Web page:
HT: Again, individual state law and state court decisions determine whether an issue may or may not be included in a prenup. In most states, however, it is inappropriate or unlawful to include any terms that are unconscionable or that violate laws carrying criminal penalties. In California, it is also inappropriate for prenups to promote the dissolution of a marriage or include terms that adversely affect children.
Amending a Prenuptial Agreement
LTK: Should a prenuptial agreement be considered set in stone or can it be set aside at a later time?
HT: In most states, prenups may be revoked or amended by the written agreement of both parties. In addition, courts may set aside prenups for a variety of reasons. Consequently, prenups should not be considered set in stone. However, if a prenup is prepared in accordance with applicable laws and the parties to the agreement refrain from making any changes to the terms, it may remain intact and enforceable for the duration of a marriage.
Setting Aside a Prenuptial Agreeement
LTK: Under what circumstances would the Court consider setting aside the provisions contained in a prenuptial agreement?
HT: The circumstances vary from state to state. In many states, however, a prenup is not enforceable and may be set aside if:
- The agreement was not executed voluntarily
- The agreement was unconscionable when it was executed
- Before the agreement was executed, one of the parties failed to fully disclose his or her assets or liabilities or their values - unless the full disclosure requirement was voluntarily and expressly waived in writing
In California, a prenup may also be set aside if:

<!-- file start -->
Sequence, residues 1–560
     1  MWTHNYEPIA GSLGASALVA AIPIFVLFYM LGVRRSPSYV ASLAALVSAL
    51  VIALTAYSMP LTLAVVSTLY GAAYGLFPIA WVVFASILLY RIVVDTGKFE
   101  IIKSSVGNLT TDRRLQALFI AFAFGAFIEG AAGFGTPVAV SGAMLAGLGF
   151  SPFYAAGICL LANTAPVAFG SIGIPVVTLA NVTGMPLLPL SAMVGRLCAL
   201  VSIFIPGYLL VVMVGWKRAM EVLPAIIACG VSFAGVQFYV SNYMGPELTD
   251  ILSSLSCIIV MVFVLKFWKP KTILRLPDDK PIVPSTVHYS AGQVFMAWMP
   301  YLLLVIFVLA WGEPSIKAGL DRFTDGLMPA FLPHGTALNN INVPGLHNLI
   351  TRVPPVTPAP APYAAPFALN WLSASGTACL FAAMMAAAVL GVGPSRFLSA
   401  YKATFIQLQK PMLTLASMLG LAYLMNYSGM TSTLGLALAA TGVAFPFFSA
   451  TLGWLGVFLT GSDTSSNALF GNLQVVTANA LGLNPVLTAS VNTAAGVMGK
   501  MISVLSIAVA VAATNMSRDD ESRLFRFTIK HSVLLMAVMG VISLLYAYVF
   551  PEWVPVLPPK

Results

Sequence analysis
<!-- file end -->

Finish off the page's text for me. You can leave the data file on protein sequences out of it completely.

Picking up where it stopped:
- The parties fail to comply with a mandatory waiting period that requires at least seven days between the time the agreement is first presented to a party and the time it is actually signed
- The party against whom enforcement of a prenup is sought was not represented by independent counsel and did not expressly waive, in writing, representation by independent counsel
- The prenup was executed as a result of duress, fraud, or undue influence
- One or both of the parties to the agreement lacked capacity to enter into a contract (e.g., mental incompetence)
- The party against whom enforcement of a prenuptial agreement is sought was not represented by his or her own lawyer and
- Was not fully informed in writing, before signing the prenup, of the terms and effect of the agreement and the rights and obligations he or she was giving up by signing it
- Was not proficient in the language in which the explanation of rights was provided and in which the agreement was written
- Did not execute a separate document before signing the prenuptial agreement, declaring that he or she received the information required by law and indicating who provided the information
The Uniform Premarital Agreement Act (UPAA), which was drafted by the National Conference of Commissioners in 1983, has been adopted by 26 states and the District of Columbia. Many states, however, including California, have amended their version of the Act, by deleting and adding a variety of provisions. The states that have not adopted the UPAA fall into two general categories:
- Those with state laws or court opinions that allow parties to enter into prenups, and
- Those with no clear laws or court opinions on the matter.
See a Lawyer Before Signing
Since the laws governing prenups vary from state to state, and because prenups must be drafted in strict compliance with applicable laws, anyone considering a prenup should seek the assistance and advice of a competent lawyer.